1 Department of Chemistry and Bioscience, The Faculty of Engineering and Science, Aalborg University, VBN2 Section of Biology and Environmental Science, The Faculty of Engineering and Science, Aalborg University, VBN3 The Faculty of Engineering and Science, Aalborg University, VBN4 Department of Veterinary Disease Biology, Faculty of Health and Medical Sciences, University of Copenhagen, Frederiksberg C, Denmark.5 Institut for International Sundhed, Immunologi og Mikrobiologi
Canine distemper virus (CDV) is highly contagious and can cause severe disease against which conventional live vaccines are ineffective in the presence of maternal antibodies. Vaccination in the presences of maternal antibodies was challenged by vaccination of 5 days old and 3 weeks old mink kits with CDV DNA vaccines. Virus neutralising (VN) antibody responses were induced in mink kits vaccinated with a plasmid encoding the haemaglutinin protein (H) of CDV (n=5, pCDV-H) or a combination of the H, fusion (F) and nucleoprotein (N) of CDV (n=5, pCDV-HFN). These DNA vaccinated kits were protected against virulent experimental infection with field strains of CDV. The pCDV-H was more efficient in inducing protective immunity in the presence of maternal antibodies compared to the pCDV-HFN. The results show that DNA vaccination with the pCDV-H or pCDV-HFN (n=4) only given once at 5 days of age induces virus specific immune response in neonatal mink and protection against virulent CDV exposure later in life.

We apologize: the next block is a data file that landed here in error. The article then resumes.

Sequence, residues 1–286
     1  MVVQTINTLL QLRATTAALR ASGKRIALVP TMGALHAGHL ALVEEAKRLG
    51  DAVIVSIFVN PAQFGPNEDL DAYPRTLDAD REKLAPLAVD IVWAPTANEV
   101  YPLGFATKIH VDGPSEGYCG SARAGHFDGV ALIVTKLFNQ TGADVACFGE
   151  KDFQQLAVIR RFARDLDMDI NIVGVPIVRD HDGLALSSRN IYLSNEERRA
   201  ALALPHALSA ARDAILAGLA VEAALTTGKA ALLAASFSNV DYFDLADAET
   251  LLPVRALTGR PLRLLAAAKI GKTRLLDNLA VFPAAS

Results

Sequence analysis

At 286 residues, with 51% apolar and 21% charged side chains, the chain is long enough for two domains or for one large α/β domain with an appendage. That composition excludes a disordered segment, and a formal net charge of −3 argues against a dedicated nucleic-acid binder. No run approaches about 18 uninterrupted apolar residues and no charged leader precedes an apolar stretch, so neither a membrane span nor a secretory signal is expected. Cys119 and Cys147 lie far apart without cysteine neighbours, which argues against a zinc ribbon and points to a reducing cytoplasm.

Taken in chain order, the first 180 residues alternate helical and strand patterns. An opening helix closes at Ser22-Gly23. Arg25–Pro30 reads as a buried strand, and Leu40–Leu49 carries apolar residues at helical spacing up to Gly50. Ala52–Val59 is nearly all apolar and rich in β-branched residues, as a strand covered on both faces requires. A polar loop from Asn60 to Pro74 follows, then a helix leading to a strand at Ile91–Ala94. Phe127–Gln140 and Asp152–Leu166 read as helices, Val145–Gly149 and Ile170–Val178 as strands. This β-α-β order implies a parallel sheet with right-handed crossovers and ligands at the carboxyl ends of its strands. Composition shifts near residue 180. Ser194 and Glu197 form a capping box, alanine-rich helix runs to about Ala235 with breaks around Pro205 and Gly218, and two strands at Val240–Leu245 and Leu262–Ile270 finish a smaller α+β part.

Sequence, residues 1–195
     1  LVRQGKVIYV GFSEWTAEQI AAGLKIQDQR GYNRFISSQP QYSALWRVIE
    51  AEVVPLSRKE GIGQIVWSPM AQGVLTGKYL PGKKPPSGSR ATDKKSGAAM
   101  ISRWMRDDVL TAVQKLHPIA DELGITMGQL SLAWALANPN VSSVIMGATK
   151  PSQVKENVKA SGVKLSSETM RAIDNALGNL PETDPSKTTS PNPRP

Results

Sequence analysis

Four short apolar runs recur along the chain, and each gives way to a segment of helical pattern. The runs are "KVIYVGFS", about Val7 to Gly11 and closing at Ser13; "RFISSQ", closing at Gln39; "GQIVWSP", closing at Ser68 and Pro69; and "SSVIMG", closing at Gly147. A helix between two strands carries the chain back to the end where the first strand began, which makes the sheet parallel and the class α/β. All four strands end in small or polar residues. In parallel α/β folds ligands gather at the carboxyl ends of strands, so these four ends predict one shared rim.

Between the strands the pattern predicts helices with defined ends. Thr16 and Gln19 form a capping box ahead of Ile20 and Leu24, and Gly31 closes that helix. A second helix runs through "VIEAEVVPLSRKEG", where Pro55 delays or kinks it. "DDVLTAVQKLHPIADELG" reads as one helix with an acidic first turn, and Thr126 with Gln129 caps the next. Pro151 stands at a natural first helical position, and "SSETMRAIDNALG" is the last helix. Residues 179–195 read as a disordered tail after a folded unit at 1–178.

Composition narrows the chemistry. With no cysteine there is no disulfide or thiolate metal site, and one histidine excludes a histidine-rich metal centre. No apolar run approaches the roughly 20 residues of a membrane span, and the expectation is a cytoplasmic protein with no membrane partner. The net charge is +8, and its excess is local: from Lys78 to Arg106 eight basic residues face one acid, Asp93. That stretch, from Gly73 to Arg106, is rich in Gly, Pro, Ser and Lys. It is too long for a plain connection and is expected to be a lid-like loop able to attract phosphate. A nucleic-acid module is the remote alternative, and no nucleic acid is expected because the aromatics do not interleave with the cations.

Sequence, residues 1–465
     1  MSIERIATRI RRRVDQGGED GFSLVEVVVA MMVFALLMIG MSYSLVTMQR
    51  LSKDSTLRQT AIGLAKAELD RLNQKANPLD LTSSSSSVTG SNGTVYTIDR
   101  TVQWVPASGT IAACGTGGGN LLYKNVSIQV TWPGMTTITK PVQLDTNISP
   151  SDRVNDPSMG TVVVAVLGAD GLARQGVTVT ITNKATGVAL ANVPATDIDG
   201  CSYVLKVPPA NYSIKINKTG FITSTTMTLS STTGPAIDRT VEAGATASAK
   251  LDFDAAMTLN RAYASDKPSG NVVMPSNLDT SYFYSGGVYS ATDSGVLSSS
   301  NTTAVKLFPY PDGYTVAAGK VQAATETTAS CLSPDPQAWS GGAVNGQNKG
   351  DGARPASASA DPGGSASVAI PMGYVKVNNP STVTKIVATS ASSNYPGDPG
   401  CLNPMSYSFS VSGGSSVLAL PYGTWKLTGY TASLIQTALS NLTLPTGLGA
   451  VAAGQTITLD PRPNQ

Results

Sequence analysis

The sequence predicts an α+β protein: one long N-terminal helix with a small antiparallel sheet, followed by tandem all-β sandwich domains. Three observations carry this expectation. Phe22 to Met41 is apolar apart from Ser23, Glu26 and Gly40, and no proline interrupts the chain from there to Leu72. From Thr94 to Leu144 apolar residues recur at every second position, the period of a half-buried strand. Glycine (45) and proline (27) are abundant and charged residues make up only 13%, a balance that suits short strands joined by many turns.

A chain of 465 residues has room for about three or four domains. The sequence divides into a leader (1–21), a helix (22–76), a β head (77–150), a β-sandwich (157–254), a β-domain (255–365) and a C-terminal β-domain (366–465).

Vaccine, 2015, Vol 33, Issue 11, p. 1375-1381
The Faculty of Health and Medical Sciences; Canine distemper virus; Morbillivirus; Neonatal; Mink; Maternal antibodies; DNA vaccination